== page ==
The announcement fell in between the Warriors and the rival Celtics advancing to the 2022 NBA Finals, but the Lakers have finally hired their new coach.
Former Milwaukee Bucks assistant Darvin Ham was offered the job last week and since the news broke, many players have shared their excitement on the news.
Two-time MVP Giannis Anteokounmpo shared his excitement, as did Lakers' superstar LeBron James.
Some fans are unsatisfied with the hire, believing that the Lakers job, especially with it's current roster, is too high-profile of a position for a first-time head coach.
However, Ham has what none of the other final three candidates for the job had: experience as a player in the NBA.
Ham played in the NBA from 1996 to 2005, with the Denver Nuggets, Indiana Pacers, Washington Wizards, Milwaukee Bucks, Atlanta Hawks, and Detroit Pistons. He won a championship with the latter in 2004, ironically defeating the Shaq and Kobe Lakers in the Finals.
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Ham also has experience with the Lakers organization. After working as an assistant and head coach in the NBA D-League, he was an assistant under Mike Brown with the Lakers from 2011 to 2013. Since then he's worked under Mike Budenholzer, a Gregg Popovich protégé, in Atlanta and Milwaukee.
Here are five facts about Ham:
He was shot in the jaw at 14
Ham grew up in Saginaw, Michigan. At the time, Saginaw, Detroit, and Flint had the highest violent crime rates in the state. He was raised in a blue-collar family with their home located directly behind a liquor store and nightclub. Growing up, Ham heard parties, gunshots, and fights on a nightly basis. But none of those experiences prepared him for what would happen when he was 14 years old.
On April 5, 1988, Ham and his brother went out for a pizza. As they drove out of a nearby parking lot to turn onto their street, they heard gunshots and suddenly found themselves in the middle of a crossfire. Ham remembers a guy running towards their car, with three others following and shooting at him. Ham was shot in the jaw, and the bullet got lodged in the back of his neck.
Ham was operated on and the doctor was able to successfully remove the bullet, eventually handing it to Ham, telling him how lucky he was to still be alive.
"I could have been dead so easily," Ham told reporters back in 2011. "It set a foundation in me to never take anything for granted. So I'm not afraid of failure, or success. I'm only afraid of not being authentic."
He was a football player in high school
Ham played football in high school and never really took basketball seriously. As a freshman he was 5-feet, 9-inches tall. But by the time he was a senior, he had grown nearly a foot to 6-feet, 7-inches.
"My transition from football to basketball had a lot to do with my growth spurt," Ham told the media in 2011. "I got taller, but not heavier. I was very skinny during my senior year so I decided to give up football."
Ham only played one year of basketball in high school, but it was enough to get him a scholarship to play at Texas Tech University in 1993.
Sports Illustrated Cover
While at Texas Tech, Ham gained national notoriety when he threw down a thundering dunk during the 1996 NCAA Tournament against the North Carolina Tar Heels that shattered the backboard. The dunk shifted the momentum of the game and carried the Red Raiders passed the Tar Heels and into the Sweet Sixteen for the first time in school history. Later that week, Sports Illustrated featured Ham and the dunk on the cover of their magazine with the headline "Smashing!"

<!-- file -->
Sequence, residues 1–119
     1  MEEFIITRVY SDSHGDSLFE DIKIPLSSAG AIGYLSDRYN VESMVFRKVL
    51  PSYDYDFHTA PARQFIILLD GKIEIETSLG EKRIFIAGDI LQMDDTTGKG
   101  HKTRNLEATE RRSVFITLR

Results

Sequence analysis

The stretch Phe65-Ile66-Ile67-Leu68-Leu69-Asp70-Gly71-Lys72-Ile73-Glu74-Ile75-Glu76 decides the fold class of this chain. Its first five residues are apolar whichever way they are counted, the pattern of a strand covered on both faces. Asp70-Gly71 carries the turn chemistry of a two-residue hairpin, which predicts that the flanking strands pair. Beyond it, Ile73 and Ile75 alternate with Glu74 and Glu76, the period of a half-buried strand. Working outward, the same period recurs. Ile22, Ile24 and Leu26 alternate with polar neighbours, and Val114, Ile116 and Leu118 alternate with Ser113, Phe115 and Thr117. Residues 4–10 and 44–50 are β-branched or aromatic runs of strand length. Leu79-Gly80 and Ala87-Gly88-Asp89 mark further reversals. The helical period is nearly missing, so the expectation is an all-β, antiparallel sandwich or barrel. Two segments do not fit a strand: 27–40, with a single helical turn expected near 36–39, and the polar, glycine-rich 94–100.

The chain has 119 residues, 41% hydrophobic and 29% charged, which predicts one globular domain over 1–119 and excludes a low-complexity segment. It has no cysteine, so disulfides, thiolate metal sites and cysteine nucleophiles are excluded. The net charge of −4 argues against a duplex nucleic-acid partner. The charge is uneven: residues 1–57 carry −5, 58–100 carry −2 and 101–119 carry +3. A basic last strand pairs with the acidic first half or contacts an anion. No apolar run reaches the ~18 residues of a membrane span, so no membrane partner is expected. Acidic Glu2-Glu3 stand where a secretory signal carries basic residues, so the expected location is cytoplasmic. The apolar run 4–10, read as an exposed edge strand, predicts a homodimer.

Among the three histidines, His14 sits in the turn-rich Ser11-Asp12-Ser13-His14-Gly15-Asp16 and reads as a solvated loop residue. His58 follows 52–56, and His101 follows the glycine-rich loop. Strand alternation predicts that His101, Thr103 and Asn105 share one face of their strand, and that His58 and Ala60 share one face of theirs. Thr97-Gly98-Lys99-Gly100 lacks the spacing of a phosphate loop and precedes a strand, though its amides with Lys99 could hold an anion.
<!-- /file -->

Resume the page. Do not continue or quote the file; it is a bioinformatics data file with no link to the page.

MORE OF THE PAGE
Undrafted, but not deterred
In the summer of 1995, Ham went to go play pick up ball in Houston with his former roommate Mark Davis. According to Ham, many NBA players would show up to play pick-up basketball including Sam Cassell, Robert Horry, Nick Van Exel, Kenny Smith, Hakeem Olajuwon, and Moses Malone. Ham said he wanted to guard all of these legendary players in order to prove he could play in the NBA. However, he went undrafted in the 1996 NBA Draft.
Ham had a son while he was in high school and needed to provide for his family, so he joined the Jacksonville Barracudas of the United States Basketball League after the draft. His team won the USBL championship and it got him an invite to the Denver Nuggets Summer League team where he eventually made the team for the 1996-97 season.
"I was playing basketball and trying to succeed for a whole different reason than most," said Ham in 2011. "I had to feed my kid. I wasn't worried about the spoils of basketball."
Avery Johnson Convinced Him to Become a Coach
Former San Antonio Spurs point guard Avery Johnson was in the middle of his first head coaching job in the NBA with the Dallas Mavericks in 2007. Ham was part of the Mavericks that year during training camp, but he was surprisingly let go by the team just before the season began. Initially, he figured he would just become a free agent and sign with another team, but Johnson had other plans in mind for Ham.
Johnson noticed that during training camp Ham had been working and mentoring a lot of the younger players on the Mavericks. Instead of continuing in the NBA, Johnson convinced Ham to try his hand at coaching. A few months later, Ham was hired as an assistant by the New Mexico Thunderbirds and his coaching career began.
He would eventually become the head coach of the Thunderbirds before his old friend Mike Brown hired him as an assistant coach with the Los Angeles Lakers in 2011.
"I fell in love with it," said Ham of coaching. "being that close to the game without playing suited me just fine."